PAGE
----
LONDON.- David Breuer-Weil
s monumental bronze sculptures will be recognisable to many Londoners after high profile installations in Victoria, Kings Cross and the West End. His latest sculpture depicts the virtually impossible a magical sculpture of a flying man taking off from Marble Arch.
A hallmark of Breuer-Weils monumental works is the very physical nature of the pieces with their deliberately textured surfaces and, when creating this work, he spontaneously covered the surface of the sculpture in pictures and words.
While sculpture, especially bronze, is often thought to represent weight and place, the image of the flying man represents the opposite weightlessness and freedom. Flight shows an airborne man - the quintessential modern image of a human on the move. In today's world, nobody is bound to one particular place and we think nothing of travelling thousands of miles in one day.
Breuer-Weil comments, I fly all the time and produce a large number of my drawings and small paintings when in flight. Flying frees the mind. Human aspiration and ambition has always been represented by the idea of flying. But it is also about human and artistic freedom, the possible flights of the imagination where anything is possible.
Other works by the artist can be seen in Cavendish Square, Portman Square and against the backdrop of the Saint Pancras Church on the Euston Road.
David Breuer-Weil was born in London in 1965 and studied at Central Saint Martins School of Art under Henry Moores assistant Shelley Fausset and at Clare College, Cambridge. Breuer-Weil became known for his monumental solo shows of vast painted canvases referred to as the Projects. The Project was held in 2001 at the Roundhouse, Camden; Project 2 was held at the Bargehouse, OXO Tower in 2003; Project 3 was then held in conjunction with the Ben Uri Gallery and Museum in 2007 and at the beginning of 2013 Project 4 was staged in The Vaults, Waterloo. Alongside the Projects Breuer-Weil continues to produce on a smaller scale works on paper, paintings and sculpture.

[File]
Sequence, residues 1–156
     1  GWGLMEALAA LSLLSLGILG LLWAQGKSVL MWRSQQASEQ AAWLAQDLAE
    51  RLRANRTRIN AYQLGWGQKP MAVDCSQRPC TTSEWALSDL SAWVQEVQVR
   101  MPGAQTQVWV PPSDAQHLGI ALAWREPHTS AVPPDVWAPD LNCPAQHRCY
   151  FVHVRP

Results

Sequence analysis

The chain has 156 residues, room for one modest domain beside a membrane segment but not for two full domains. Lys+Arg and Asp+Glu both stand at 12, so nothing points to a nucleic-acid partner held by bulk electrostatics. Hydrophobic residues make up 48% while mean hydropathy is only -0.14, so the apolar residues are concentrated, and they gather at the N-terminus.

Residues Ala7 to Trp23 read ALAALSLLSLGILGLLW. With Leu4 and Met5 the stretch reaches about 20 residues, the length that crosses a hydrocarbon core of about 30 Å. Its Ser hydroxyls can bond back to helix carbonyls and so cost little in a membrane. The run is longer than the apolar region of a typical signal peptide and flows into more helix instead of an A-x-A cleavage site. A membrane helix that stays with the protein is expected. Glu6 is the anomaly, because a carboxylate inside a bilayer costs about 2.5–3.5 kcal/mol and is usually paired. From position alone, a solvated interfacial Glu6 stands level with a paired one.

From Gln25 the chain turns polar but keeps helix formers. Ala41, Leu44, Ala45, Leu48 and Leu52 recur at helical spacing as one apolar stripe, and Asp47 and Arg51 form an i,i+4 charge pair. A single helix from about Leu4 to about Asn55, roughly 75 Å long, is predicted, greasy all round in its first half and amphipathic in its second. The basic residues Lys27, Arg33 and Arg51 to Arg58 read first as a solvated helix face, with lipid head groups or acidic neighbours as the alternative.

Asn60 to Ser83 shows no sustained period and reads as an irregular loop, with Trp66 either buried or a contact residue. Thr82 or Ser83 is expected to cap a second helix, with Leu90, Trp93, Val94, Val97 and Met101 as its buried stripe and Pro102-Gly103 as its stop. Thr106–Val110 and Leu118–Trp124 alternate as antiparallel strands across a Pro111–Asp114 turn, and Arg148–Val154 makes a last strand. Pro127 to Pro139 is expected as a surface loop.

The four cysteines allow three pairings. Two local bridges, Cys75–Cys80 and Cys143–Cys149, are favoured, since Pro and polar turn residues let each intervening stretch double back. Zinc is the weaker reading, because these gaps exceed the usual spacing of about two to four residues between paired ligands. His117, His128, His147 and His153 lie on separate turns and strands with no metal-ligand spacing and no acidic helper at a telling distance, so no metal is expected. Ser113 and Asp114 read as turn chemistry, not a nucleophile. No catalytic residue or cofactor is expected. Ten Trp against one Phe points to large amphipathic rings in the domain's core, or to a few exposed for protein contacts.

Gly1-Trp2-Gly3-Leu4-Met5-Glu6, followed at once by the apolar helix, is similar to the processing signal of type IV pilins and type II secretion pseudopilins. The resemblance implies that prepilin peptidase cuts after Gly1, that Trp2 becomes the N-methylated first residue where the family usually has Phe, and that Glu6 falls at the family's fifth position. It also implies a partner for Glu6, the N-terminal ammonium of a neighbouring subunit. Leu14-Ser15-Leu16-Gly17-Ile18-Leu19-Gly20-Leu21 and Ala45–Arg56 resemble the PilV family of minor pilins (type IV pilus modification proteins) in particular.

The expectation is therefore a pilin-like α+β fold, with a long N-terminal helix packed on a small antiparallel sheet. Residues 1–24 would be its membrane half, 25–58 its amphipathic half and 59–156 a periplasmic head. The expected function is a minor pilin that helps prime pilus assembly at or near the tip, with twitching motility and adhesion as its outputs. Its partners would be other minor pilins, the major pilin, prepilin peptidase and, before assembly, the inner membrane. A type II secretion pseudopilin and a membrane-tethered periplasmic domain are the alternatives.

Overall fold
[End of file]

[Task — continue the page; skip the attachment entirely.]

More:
Breuer-Weil has emerged as one of the leading contemporary British sculptors with iconic works such as Brothers and Alien displayed to great public and critical acclaim. These powerful works have been installed in major public spaces in London including Hampstead Heath, Hanover Square, Grosvenor Gardens, Marble Arch, Saint Pancras and Cavendish Square. Visitor, Visitor 2 and Alien were included in Sothebys 2010, 2011 and 2013 Beyond Limits exhibitions at Chatsworth House. His sculptures and two-dimensional works have been exhibited with the National Trust (Mottisfont House). In 2016-2017 Breuer-Weil exhibited alongside Edmund de Waal and Hans Coper at the Jewish Museum, London. In June-July 2017 Christies held a solo show of monumental Breuer- Weil sculpture that was held at various locations across London; Cavendish Square, St Pancras, Portman Square and the Economist Plaza.
A film about the artist, The King of Nerac, directed by Annie Sulzberger, was premiered in 2015 at the Institute of Contemporary Arts (ICA), London and in New York at the Lincoln Center. Variety describes the film as delivering a remarkably detailed study of one mans artistic process ... his huge statues and canvases invites bigscreen play. Skira published the monograph David Breuer-Weil: Radical Visionary in 2011. Breuer-Weil lives and works in London.